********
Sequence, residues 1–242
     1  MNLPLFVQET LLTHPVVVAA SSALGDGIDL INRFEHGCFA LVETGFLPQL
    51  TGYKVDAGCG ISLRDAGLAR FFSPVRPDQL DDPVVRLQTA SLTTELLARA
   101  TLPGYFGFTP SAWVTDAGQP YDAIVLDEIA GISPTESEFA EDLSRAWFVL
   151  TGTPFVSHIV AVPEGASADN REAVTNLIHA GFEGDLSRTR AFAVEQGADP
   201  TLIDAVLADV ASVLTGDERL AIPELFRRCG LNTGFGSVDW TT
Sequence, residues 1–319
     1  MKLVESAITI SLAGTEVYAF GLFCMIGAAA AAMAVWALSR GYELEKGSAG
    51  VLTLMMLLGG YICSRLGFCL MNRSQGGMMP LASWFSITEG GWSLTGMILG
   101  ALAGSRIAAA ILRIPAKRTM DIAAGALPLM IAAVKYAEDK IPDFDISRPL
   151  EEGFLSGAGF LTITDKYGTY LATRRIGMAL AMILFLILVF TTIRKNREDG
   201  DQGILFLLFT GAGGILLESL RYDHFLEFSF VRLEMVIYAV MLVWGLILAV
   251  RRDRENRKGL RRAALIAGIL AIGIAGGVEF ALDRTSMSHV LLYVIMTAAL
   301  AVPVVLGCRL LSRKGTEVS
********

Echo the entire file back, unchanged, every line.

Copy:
Sequence, residues 1–242
     1  MNLPLFVQET LLTHPVVVAA SSALGDGIDL INRFEHGCFA LVETGFLPQL
    51  TGYKVDAGCG ISLRDAGLAR FFSPVRPDQL DDPVVRLQTA SLTTELLARA
   101  TLPGYFGFTP SAWVTDAGQP YDAIVLDEIA GISPTESEFA EDLSRAWFVL
   151  TGTPFVSHIV AVPEGASADN REAVTNLIHA GFEGDLSRTR AFAVEQGADP
   201  TLIDAVLADV ASVLTGDERL AIPELFRRCG LNTGFGSVDW TT
Sequence, residues 1–319
     1  MKLVESAITI SLAGTEVYAF GLFCMIGAAA AAMAVWALSR GYELEKGSAG
    51  VLTLMMLLGG YICSRLGFCL MNRSQGGMMP LASWFSITEG GWSLTGMILG
   101  ALAGSRIAAA ILRIPAKRTM DIAAGALPLM IAAVKYAEDK IPDFDISRPL
   151  EEGFLSGAGF LTITDKYGTY LATRRIGMAL AMILFLILVF TTIRKNREDG
   201  DQGILFLLFT GAGGILLESL RYDHFLEFSF VRLEMVIYAV MLVWGLILAV
   251  RRDRENRKGL RRAALIAGIL AIGIAGGVEF ALDRTSMSHV LLYVIMTAAL
   301  AVPVVLGCRL LSRKGTEVS